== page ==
White House press secretary Sean Spicer said Tuesday that if President Donald Trump’s newly appointed national security adviser wanted to remove chief strategist Steve Bannon from the National Security Council’s principals committee, the president would “take that under serious consideration.”

“The president has made clear to him he’s got full authority to structure the national security team the way he wants,” Spicer said of Lt. Gen. H.R. McMaster, whom Trump appointed Monday as his new national security adviser. Spicer made the remarks in the daily White House press briefing.

When asked if Gen. McMaster’s control over his team would extend to control of the principals committee and the potential removal of the chief strategist, Spicer said that McMaster “would come to the president and make that recommendation, but the president would take that under high—you know, serious consideration.”

Spicer added that in meetings with people for the position of national security adviser over the weekend, “The president made it very clear with [Gen. McMaster] and the other candidates that they had 100% control and authority over the national security committee.”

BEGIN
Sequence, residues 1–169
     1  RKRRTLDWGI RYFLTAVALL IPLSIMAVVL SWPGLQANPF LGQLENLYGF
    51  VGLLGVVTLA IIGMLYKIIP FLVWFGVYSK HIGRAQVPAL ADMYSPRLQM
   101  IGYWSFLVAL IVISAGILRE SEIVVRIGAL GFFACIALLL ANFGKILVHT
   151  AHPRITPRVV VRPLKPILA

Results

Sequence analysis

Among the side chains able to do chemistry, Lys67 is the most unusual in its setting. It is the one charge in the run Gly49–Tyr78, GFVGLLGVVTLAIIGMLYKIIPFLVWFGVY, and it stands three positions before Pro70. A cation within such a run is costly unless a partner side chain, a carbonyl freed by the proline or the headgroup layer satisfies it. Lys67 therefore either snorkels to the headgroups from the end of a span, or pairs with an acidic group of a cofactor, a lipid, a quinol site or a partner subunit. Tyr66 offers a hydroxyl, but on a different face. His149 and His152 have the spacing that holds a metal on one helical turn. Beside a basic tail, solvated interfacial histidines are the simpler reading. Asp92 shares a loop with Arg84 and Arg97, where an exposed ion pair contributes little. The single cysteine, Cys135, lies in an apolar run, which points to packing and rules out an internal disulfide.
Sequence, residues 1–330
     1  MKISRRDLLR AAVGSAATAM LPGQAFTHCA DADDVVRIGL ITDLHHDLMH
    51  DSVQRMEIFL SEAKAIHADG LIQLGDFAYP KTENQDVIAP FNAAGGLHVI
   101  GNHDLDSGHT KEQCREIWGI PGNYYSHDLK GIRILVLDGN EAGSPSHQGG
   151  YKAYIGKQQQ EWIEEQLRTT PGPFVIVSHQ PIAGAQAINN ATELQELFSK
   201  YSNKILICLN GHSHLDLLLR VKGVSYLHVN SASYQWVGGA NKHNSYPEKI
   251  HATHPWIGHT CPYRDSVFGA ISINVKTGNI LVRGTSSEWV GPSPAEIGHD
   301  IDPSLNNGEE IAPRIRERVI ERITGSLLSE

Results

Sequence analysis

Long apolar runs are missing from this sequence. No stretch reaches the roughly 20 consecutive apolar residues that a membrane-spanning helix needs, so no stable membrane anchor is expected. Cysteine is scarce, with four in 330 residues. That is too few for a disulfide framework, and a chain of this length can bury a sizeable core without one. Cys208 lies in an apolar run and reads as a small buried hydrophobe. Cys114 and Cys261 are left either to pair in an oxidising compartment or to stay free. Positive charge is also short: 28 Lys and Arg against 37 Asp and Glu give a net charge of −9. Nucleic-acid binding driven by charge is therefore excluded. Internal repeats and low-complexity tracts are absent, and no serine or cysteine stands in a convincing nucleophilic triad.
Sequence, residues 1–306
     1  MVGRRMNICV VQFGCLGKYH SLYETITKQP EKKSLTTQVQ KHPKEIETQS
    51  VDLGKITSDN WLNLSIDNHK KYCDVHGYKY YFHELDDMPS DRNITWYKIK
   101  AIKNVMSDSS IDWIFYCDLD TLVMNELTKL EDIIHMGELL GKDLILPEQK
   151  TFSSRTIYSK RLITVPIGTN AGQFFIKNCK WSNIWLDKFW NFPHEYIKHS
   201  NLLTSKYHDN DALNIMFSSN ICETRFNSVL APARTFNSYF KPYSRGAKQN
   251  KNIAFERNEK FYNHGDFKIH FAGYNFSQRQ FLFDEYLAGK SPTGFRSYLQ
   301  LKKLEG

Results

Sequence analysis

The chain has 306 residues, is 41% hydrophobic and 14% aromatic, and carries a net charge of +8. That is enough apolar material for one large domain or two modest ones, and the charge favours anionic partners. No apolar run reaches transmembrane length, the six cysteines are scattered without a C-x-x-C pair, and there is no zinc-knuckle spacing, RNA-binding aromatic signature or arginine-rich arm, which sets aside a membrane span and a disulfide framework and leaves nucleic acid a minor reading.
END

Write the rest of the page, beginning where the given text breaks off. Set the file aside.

McMaster hasn’t indicated any changes he would like to make regarding the National Security Council.

Spicer said that McMaster, currently a three-star lieutenant general, would remain on active duty while serving as national security adviser. As such, if he retains his three-star rank, his appointment would be subject to Senate confirmation, according to a statement from a Senate Armed Services Committee aide. If he moves down a notch to a two-star major general, he wouldn’t be subject to Senate confirmation, the aide said.

Trump last month took the unusual step of adding Bannon, a former media and financial executive who was an architect of the president’s campaign strategy, to the National Security Council’s principals committee while downgrading the status of the director of national intelligence and the chairman of the Joint Chiefs of Staff. The move—which meant Bannon would be invited to all council meetings—drew criticism from both Republicans and Democrats, who questioned whether Bannon’s addition would insert domestic politics into national-security decision-making.

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